I walk into the hallway of our specialist dementia care family environment and I can see, and, importantly, I can ‘feel’ a place infused with laughter, warmth and love. The physical care needs of residents are met discreetly and with their active participation and involvement. The environment is colourful, engaging and full of interesting things to talk about, to look at and to hold and explore. The staff are not working to a set of tasks and deadlines. Instead, they are working alongside people, at ‘their pace’, in ‘their place’.
Staff wear their own clothes, uniforms have been discarded in favour of colourful and comfortable clothing. A variety of costumes are also available for staff and residents to wear, promoting fun and role-play. There is no shortage of staff (who clearly have yearnings for the stage) eager to get into role as Superman or a bride on her wedding day. It is part of what they do, to create moments, fun, distraction and something very special.
Night staff have long been wearing pyjamas and dressing gowns. It makes so much more sense than wearing day clothes or a uniform when you are reminding someone that it is dark outside, or late, or that they are tired. Staff also wear decorative aprons which contain small props to act as conversational prompts. This is a useful technique to support communication with residents. The environment is also full of props – what we call ‘stuff’. The stuff is deliberate and is intended to be used, not just looked at. It includes items used by people in their past, which residents find reassuring. The items prompt reminiscences about residents’ own experiences and recollections over long-submerged memories. The stuff is selected to be meaningful to the people who live there: items may be connected to a person’s previous occupation, particular interests and hobbies or, more generally, themes which many can relate to. It helps people to find their way around, and to make sense of a world which is becoming increasingly confusing and disconnected to their reality and experiences.
Many of the people who live with dementia find comfort from dolls and soft toys. I often see a resident holding a soft toy or doll with great tenderness and care. The feelings of nurturing and being nurtured remain so crucial to us all, no matter what our reality.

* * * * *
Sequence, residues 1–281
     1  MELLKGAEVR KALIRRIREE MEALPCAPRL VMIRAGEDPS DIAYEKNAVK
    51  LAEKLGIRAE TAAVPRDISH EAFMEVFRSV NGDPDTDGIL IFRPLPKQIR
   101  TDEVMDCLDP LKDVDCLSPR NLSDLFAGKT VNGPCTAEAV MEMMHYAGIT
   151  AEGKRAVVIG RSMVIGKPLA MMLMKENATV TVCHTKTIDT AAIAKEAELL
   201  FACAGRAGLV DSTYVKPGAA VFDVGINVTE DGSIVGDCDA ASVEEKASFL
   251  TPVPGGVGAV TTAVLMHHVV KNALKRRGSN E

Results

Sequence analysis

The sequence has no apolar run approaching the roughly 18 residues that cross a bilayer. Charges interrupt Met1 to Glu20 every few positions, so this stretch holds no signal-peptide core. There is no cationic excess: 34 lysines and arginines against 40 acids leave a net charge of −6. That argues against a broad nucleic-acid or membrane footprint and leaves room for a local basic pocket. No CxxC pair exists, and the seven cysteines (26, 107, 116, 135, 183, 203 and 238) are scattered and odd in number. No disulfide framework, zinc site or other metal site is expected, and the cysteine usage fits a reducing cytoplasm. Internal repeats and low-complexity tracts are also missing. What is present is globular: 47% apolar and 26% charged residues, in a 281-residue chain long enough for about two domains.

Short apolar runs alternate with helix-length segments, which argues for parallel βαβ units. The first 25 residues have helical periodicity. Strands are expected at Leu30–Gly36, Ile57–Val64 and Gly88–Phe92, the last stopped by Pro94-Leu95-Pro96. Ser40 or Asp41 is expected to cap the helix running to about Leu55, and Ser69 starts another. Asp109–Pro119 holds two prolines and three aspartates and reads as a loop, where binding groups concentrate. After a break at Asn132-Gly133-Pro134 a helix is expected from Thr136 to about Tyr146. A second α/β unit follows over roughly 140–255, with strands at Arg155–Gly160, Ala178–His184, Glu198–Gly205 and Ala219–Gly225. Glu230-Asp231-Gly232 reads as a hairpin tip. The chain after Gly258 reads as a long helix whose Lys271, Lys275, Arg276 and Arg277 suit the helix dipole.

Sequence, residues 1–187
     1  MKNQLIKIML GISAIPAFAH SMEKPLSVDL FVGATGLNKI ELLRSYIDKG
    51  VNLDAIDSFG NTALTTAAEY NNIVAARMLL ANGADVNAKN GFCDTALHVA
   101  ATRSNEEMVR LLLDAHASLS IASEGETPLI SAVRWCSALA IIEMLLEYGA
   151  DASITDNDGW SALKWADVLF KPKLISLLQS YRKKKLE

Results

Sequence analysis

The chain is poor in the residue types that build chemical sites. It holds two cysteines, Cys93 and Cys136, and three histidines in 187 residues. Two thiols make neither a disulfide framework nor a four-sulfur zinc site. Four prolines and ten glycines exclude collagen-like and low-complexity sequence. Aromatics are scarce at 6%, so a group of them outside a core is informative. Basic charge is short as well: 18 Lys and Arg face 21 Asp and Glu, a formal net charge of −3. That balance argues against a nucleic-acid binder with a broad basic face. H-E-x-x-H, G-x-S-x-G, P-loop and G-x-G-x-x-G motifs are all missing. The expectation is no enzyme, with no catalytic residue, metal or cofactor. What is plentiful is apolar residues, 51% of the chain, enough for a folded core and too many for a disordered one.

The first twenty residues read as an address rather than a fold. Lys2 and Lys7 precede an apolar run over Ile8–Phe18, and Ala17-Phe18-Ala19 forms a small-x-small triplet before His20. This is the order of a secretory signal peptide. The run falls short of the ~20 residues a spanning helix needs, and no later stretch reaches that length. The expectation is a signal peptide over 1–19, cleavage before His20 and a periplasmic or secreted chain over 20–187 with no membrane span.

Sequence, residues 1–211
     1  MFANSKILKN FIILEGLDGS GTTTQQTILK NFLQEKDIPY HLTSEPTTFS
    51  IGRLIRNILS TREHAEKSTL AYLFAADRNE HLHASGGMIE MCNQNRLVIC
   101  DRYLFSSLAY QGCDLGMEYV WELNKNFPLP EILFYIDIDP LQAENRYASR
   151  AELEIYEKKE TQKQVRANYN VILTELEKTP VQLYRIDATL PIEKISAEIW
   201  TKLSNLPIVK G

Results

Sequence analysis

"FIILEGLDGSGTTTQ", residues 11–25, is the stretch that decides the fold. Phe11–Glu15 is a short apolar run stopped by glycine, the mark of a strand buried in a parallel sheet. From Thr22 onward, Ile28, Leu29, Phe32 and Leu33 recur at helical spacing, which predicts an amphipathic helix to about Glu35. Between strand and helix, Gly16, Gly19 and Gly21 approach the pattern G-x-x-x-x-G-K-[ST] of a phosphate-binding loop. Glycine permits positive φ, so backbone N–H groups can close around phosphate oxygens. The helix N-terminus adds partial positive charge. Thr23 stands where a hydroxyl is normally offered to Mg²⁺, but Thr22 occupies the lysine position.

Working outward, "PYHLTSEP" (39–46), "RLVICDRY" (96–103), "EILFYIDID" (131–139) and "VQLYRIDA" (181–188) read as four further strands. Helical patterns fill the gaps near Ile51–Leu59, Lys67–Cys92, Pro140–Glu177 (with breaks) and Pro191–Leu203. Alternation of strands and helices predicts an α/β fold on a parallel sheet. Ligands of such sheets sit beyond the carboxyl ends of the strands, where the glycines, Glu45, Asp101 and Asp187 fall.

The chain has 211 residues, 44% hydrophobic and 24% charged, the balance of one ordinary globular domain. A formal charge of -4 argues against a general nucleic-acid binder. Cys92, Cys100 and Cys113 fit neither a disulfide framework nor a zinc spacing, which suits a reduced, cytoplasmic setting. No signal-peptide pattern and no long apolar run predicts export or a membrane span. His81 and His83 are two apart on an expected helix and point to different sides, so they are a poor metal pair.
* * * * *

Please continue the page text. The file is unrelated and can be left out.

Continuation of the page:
The environment is colourful, dynamic and interesting. Every time I enter these spaces it looks and feels somehow different. A picture has been decorated, new items have appeared in the hallway and music is playing. I might catch the delicious waft of cakes baking or find myself involved in a dance or game.
The way we approach care for people living with a dementia involves real engagement with feelings. It means that we must feel connected and grounded with ourselves, our own values and beliefs. This in turn means that we work as a close, coherent team which is feelings-based and emotional. Without this connection with what really matters, how can authentic, meaningful and individualised care be provided to the people living with us? The majority of what we do is based ‘simply’ on common sense, on being treated as we would wish to be and with care, compassion and love. I see examples of this everyday – special moments – sometimes fleeting, always priceless.
1 Source: ‘Dementia 2010’ Alzheimer’s Research Trust
2 Source: Matthews F et al. (2005) The Incidence of Dementia in England and Wales: Findings from the Five Identical Sites of the MRC CFA Study. PLoS Medicine, Vol 2, Issue 8, e193, 1-11